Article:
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What next for GDS after Mike Bracken? The rumour mill begins...

Within minutes of Mike Bracken announcing his departure as the government’s digital chief, Twitter was full of tributes from people in his team at the Government Digital Service (GDS), and from the wider digital community across Whitehall and beyond.

There is little doubt Bracken inspired huge loyalty – but according to insiders, that hasn’t always been mirrored outside the digital community. For now at least, Bracken’s leaving inevitably prompts speculation about what happens next for GDS and the management of digital transformation.

Sources suggest that Bracken has not always seen eye to eye with his boss, civil service CEO John Manzoni. We know from Manzoni’s public pronouncements that he favours giving power to departments, not the centre – “The good stuff happens when you put great people out in the departments. It doesn’t happen when you put great people in the centre,” he has said – a model that doesn’t suit the current shape of GDS.

Bracken said on Twitter soon after the announcement: “My last challenge will be to set up digital centre of Govt for next Parliament”, which seems to suggest that the governance of digital government is going to change, and that the role of GDS is set for a rethink.

In an email to Whitehall technology chiefs, seen by Computer Weekly, Bracken singled out deputy government CTO Magnus Falk who runs the government tech leaders network – but didn’t mention Falk’s boss, CTO Liam Maxwell, who originally set up the cross-Whitehall group. It’s easy to read too much into these things of course, but multiple sources have said that Bracken and Maxwell fell out with each other. It’s equally important to say that Bracken himself absolutely denies any rift with Maxwell.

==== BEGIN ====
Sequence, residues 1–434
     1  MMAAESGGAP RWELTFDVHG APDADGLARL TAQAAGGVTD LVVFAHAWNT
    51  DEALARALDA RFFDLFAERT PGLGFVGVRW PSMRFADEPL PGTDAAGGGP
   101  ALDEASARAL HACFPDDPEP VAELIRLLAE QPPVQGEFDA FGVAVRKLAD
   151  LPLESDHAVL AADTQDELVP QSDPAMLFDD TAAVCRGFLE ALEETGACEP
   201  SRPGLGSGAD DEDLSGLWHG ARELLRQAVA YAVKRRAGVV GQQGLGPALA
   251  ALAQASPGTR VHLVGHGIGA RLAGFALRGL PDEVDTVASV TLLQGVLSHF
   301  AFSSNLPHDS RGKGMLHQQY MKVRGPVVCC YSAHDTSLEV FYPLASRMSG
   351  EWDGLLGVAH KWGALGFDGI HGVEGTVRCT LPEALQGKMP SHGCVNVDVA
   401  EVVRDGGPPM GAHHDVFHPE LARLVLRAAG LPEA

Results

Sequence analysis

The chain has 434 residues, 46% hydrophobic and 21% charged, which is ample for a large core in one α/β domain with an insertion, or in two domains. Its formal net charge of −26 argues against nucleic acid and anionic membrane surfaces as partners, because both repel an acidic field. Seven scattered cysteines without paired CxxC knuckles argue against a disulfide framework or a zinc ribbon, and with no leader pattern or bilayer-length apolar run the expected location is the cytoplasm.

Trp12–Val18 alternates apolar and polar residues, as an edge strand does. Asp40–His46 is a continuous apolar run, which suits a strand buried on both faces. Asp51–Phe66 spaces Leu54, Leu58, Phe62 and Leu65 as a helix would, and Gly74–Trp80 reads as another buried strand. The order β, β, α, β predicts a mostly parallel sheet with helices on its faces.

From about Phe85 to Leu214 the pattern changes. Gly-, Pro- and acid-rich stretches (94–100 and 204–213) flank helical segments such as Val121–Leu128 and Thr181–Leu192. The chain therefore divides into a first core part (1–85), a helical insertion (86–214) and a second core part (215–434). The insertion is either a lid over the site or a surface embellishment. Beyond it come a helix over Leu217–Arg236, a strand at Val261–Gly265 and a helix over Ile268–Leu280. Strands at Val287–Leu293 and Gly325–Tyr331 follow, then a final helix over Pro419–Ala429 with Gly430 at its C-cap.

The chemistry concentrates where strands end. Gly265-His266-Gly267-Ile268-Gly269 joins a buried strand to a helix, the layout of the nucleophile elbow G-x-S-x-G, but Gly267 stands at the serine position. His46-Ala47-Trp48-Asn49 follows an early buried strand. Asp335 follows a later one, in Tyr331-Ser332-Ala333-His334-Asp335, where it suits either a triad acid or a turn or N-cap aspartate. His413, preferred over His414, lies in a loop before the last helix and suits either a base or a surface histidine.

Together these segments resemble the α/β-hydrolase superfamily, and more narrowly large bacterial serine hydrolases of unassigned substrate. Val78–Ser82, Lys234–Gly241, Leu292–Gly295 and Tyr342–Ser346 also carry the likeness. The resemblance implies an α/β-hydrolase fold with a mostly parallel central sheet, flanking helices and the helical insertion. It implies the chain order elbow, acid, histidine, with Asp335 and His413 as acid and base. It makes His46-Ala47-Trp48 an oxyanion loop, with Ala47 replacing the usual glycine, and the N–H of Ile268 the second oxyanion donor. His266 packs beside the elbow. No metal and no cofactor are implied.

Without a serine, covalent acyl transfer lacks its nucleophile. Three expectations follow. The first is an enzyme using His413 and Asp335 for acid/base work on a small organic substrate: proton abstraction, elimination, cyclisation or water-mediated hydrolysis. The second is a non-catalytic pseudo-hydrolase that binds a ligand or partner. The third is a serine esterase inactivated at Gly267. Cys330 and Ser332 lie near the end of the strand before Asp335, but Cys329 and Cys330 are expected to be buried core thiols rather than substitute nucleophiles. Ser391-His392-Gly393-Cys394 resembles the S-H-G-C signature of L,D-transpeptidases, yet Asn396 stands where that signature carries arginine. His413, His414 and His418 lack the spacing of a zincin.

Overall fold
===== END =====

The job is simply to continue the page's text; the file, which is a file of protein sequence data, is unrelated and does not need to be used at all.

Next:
Further speculation suggests that Bracken’s plans for government as a platform (GaaP) have not received the backing at Cabinet level that he hoped; and that Manzoni wants to cut GDS down to an architecture and policy unit and go back to the days when IT suppliers did most of the delivery. If any of this speculation is true, it will be a huge disappointment for the many people who support what Bracken has been trying to achieve. 

Bracken has been the driving force of pushing digital into Whitehall departments – he personally helped select over 100 digital leaders and experts to build up departmental digital teams. But some in those departments – often old-school IT types, sometimes civil servants with less enthusiasm about digital – resented the influence Bracken and GDS had been given.

The Cabinet Office highlighted Bracken’s achievements in delivering the Gov.uk website, and the so-called digital exemplars – the high-volume public services redesigned and redeveloped to be digital-by-default. But critics say that many of those digital services are little more than an aesthetic overhaul – it’s easy to find people keen to say that much more could have been delivered.

And then there’s Verify, the high-profile identity assurance system that has been frequently delayed, and is being rolled out with varying degrees of success. There are even rumours that HM Revenue & Customs and the Department for Work and Pensions – the two biggest intended users of Verify – are considering building their own identity systems.

From my perspective, Bracken’s biggest achievement was in changing the conversation about technology in Whitehall – recognising the broken nature of IT delivery he inherited and making that the common view.

Bringing IT and digital skills back into government has been the single most important improvement in Bracken’s time, changing attitudes and organisations to put digital and technology much closer to the heart of government decision-making. His successors must retain that knowledge in Whitehall – surely, hopefully, government has accepted it cannot outsource everything to Big IT and needs to be a more intelligent customer.

Let’s not forget how hard it is to drive change in Whitehall and, compared to the past, Bracken achieved a huge amount in a relatively short time – even if some people inside and outside government feel a certain frustration that even more could have been done. I suspect Bracken shares that frustration.

But attitudes and organisations are easy to unwind, and that is the fear. Bracken leaves government with a report card showing mostly positive reviews, and his missionary zeal for digital transformation of public services will be missed.

The biggest test now will be to see how deeply embedded are the changes Bracken led. He leaves a strong legacy, it must not be wasted.

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